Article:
Monday, July 31, 2006

The plan for attacking Gondar

The plan for attacking Gondar was for the 25th East African Brigade to assault the south while the 26th East African Brigade assaulted from the east. The guerilla bands would attack from between them. On the north side, the 1/Argyll and Sutherland Highlanders, "some divisional troops, and the 53rd East African Battery" would hold the Wolchefit road. The 26th East African Brigade would be supported by "the 22nd Mountain Battery, R.A. and 54th Nyasaland Field Battery". The 25th East African Brigade was supported by the "18th Mountain Battery, R.A., 51st Gold Coast Medium Battery, the Kenya Armoured Car Regiment, and the South African Light Armoured Detachement". This is based on the account in Vol.II of the Official History.

Sunday, July 30, 2006

The brigades for the attack on Gondar

Vol.II of the Official History gives the composition of the two brigades that took part in the capture of Gondar in November 1941:

25th East African Brigade

2/3rd King's African Rifles
2/4th King's African Rifles
3/4th King's African Rifles
South African Light Armoured Detachment (3 light tanks, 3 Bren Carriers)
Kenya Armoured Car Regiment (less one squadron)
51st (Gold Coast) Medium Battery
18th (Indian) Mountain Battery, RA
9th South African Field Company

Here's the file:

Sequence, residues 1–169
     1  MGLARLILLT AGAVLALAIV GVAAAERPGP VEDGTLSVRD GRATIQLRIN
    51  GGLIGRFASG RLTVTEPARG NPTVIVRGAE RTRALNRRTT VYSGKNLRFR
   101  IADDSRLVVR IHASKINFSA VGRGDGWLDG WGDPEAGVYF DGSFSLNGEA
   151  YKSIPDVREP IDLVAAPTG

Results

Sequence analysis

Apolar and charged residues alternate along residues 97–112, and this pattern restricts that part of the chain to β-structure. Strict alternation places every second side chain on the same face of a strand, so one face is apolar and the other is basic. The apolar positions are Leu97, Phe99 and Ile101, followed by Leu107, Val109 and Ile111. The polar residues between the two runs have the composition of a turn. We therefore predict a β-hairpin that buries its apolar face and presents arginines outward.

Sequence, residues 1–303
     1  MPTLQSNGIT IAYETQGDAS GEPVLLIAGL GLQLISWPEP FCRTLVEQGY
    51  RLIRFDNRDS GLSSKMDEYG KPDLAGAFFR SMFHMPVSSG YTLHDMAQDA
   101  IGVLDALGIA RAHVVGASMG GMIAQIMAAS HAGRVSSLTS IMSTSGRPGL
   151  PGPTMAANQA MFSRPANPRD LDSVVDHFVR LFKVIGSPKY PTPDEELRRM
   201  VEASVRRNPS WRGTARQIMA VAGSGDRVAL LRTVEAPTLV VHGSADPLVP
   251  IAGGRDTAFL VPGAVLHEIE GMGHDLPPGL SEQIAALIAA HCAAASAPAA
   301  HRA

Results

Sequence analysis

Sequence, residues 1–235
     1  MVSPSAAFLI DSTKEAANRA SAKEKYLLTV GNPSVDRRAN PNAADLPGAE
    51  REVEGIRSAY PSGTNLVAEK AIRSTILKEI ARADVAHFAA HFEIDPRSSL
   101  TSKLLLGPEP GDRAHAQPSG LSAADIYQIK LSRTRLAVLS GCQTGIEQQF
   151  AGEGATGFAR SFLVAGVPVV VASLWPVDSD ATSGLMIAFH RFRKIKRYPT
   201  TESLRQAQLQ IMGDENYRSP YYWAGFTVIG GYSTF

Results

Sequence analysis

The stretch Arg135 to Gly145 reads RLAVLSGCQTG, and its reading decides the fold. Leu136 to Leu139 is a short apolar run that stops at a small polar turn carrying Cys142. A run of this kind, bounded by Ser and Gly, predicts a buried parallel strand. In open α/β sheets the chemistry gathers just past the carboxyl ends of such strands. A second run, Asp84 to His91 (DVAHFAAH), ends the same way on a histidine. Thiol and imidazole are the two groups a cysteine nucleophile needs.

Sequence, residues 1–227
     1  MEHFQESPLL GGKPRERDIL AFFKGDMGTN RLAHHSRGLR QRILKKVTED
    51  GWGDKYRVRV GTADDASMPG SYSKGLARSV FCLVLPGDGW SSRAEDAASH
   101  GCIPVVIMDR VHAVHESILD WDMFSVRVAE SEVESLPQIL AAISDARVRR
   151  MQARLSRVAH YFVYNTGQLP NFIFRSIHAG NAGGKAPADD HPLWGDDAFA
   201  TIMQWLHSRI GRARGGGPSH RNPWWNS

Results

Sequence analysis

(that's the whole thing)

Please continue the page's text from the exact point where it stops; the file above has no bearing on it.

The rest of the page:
A Company 1/3rd King's African Rifles (Machine Gun)
6th (Uganda) Field Ambulance
25th East African Infantry Brigade Group Company
58th Reserve Motor Transport Company

26th East African Brigade

2/2nd King's African Rifles
4/4th King's African Rifles
1/6th King's African Rifles
22nd (Indian) Mountain Battery, RA
54th East African Field Company
one company of the 1/3rd King's African Rifles (Machine Gun)
7th (Northern Rhodesian) Field Ambulance
26th East African Infantry Brigade Group Company
Camforce (Ethiopian guerillas)
54th Nyasaland Field Battery "in support"

Saturday, July 29, 2006

November 1941 in East Africa: taking Kulkaber

Columns were moving in the direction of Gondar in mid-November 1941. One was the 2nd Ethiopian Battalion, which was moving north west of Lake Tana. They were near Gorgora to the south-southwest of Gondar by 13 November. Another was the Sudan Column. They attacked Chilga to the southwest of Gondar on 20 November. They at least had "pinned down the garrison of four battalions". The next step was to take Kulkaber. The place was well defended behind strong defences. Brigadier James attacked on 21 November, after the place was hit hard byfrom the air with 44 sorties dropping 9 tons of bombs the previous day. The British lost 99 men and the guerillas 107 men. They took "1,648 Italian and 775 native troops."

Friday, July 28, 2006

A fresh attempt to break through at Kulkaber

General Fowkes decided that Kulkaber must be taken so that South Force could move forward to support the attack at Gondar that had been planned for 17 November 1941. He sent the 25th East African Brigade to move towards Kulkaber from the the north side, after the engineers had found a rough road that ran to Dancaz. The road proved to have almost ceased to exist, part way there, and it had to be rebuilt, setting back the attack on Kulkaber until 21 November. While all this was happening, Gondar was being hit by air. Gondar was hit by Hartbeests and Mohawks, which dropped almost 12,000 lbs. of bombs. This is based on the account in Vol.II of the Official History.

Thursday, July 27, 2006

A new plan for attacking Gondar in November 1941 (UPDATED)